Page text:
So now I must make this admission:
Yes, I know a racist, him being
one of those justifying himself
by saying, “We must put Canadians first!”
But, really, in that, saying
“I am one who detests the Muslim.”
And, yes, I say and ask for
his definition of “Canadian.”
So I ask,
must I stand alone when speaking out?
Am I actually alone?
Am I really speaking out?
And I also ask,
must I question what I stand for?
when a “maybe” haunts
what I once heard Bowie say,
“I stood for all a friend didn’t”.
Bowie singing a former influence.
And he, once a friend, has become
other than friend,
relying on silence to be the answer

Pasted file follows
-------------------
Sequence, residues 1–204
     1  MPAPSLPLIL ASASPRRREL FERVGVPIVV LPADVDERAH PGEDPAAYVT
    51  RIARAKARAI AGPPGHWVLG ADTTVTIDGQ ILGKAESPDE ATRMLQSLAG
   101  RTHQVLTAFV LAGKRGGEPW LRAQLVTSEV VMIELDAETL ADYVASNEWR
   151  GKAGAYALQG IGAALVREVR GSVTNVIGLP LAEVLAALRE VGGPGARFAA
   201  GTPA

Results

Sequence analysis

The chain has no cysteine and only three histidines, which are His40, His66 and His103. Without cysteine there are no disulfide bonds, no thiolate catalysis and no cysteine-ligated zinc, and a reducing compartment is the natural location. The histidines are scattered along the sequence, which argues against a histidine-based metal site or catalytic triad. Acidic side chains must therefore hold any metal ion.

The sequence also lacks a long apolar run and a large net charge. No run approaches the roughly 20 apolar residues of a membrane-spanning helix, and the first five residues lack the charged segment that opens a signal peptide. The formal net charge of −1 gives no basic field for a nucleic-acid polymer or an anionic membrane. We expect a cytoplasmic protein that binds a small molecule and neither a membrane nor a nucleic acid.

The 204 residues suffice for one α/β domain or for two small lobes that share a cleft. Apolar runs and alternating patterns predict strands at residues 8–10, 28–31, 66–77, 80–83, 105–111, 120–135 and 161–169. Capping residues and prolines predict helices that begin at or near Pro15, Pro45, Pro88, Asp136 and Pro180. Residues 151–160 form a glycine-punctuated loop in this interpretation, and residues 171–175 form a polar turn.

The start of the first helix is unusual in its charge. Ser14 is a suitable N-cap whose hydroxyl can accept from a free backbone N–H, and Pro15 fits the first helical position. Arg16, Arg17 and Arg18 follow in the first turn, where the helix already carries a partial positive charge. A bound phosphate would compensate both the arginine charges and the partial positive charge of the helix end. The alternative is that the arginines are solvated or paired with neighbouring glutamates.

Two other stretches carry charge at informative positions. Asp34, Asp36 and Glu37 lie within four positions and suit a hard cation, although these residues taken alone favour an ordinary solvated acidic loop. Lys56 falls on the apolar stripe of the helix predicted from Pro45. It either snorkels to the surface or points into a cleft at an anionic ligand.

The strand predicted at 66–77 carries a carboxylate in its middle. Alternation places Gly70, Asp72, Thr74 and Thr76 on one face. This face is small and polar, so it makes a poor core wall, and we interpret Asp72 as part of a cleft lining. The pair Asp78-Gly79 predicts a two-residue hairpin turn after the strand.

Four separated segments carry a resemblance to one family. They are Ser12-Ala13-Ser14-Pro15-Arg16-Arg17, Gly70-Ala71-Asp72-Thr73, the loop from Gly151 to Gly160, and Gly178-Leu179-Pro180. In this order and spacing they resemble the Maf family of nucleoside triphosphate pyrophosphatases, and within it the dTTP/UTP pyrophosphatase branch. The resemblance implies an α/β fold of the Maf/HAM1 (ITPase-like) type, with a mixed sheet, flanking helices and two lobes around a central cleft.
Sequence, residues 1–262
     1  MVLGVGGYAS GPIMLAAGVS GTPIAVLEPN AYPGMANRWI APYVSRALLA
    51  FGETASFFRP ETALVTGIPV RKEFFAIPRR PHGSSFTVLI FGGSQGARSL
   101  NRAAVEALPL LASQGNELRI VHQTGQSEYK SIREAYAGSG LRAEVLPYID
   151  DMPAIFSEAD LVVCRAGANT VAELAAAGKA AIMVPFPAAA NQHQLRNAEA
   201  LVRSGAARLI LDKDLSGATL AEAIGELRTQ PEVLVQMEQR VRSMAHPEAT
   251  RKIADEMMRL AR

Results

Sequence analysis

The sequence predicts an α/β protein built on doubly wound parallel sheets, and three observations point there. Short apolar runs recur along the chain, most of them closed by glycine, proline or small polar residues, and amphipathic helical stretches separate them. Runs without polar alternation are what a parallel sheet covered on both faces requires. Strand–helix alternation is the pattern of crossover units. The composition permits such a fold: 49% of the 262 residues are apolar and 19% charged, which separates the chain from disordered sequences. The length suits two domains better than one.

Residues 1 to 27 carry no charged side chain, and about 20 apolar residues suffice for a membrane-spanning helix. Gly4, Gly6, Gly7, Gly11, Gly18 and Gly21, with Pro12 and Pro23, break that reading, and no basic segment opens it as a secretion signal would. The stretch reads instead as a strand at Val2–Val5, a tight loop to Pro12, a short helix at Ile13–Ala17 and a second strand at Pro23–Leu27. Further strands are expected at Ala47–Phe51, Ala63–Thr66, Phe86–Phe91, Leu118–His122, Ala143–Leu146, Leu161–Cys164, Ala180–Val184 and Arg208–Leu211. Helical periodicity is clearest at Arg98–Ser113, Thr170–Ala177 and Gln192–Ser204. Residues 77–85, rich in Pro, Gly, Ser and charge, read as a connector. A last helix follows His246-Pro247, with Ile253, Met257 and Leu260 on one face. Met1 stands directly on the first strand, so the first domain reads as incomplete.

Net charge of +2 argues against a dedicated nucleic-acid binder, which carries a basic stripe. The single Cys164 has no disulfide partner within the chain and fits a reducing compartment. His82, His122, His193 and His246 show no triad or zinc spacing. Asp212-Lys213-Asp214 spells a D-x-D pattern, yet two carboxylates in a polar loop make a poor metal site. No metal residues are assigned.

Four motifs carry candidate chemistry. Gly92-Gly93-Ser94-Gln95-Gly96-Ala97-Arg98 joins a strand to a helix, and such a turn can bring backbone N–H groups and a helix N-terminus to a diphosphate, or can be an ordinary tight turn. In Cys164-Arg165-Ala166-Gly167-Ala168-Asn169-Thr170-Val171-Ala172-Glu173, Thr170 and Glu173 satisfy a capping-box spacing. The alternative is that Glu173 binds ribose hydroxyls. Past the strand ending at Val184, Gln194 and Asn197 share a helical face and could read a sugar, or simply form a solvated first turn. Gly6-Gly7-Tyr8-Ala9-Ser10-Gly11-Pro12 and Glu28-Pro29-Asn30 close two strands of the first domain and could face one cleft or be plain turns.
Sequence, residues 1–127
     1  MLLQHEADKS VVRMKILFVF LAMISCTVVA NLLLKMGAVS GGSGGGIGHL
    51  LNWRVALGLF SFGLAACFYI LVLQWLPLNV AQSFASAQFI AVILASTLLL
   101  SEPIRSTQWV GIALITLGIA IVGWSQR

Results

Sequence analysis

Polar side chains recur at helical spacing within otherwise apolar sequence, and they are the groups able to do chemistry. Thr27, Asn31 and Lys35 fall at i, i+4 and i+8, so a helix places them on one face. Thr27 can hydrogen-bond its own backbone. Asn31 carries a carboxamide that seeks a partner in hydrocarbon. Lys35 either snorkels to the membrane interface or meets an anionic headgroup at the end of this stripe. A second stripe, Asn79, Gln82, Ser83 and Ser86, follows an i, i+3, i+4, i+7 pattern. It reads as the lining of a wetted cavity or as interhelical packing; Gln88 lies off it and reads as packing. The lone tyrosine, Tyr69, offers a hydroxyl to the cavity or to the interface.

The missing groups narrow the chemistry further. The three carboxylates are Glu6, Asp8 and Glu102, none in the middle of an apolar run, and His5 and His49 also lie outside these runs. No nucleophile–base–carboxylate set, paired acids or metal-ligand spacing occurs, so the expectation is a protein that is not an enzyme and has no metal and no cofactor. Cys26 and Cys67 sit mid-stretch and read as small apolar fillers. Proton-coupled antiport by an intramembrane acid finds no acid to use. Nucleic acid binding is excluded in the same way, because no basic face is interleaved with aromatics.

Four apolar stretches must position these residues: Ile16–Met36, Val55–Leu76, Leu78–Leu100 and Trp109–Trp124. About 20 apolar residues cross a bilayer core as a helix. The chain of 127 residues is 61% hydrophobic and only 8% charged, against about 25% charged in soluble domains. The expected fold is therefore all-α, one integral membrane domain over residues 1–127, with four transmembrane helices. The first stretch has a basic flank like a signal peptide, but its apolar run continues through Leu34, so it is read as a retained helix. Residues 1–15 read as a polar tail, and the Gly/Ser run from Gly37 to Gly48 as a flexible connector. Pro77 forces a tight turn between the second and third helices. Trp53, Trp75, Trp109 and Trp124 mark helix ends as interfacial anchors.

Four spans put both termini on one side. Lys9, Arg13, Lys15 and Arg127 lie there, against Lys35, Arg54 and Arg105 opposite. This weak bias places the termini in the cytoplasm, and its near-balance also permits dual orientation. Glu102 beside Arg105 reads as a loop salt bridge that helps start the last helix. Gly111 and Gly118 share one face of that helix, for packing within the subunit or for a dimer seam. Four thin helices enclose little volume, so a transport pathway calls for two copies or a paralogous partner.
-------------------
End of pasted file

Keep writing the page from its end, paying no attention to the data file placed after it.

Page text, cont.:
to any question I have
sent via a current popular choice,
the fraudulent Social Media.
The little chat box where we
or perhaps, just me, came to know
who we aren’t, who leads me
to now admit, resolutely myself,
“Yes, I once knew a racist.”
Chad Norman lives and writes in Truro, Nova Scotia. In 1992 he was awarded the Gwendolyn MacEwen Memorial Award For Poetry, the judges were Margaret Atwood, Barry Callaghan, and Al Purdy. His poems appear in journals, magazines, anthologies around the world. A new book, A Matter Of Inclusion is due out soon.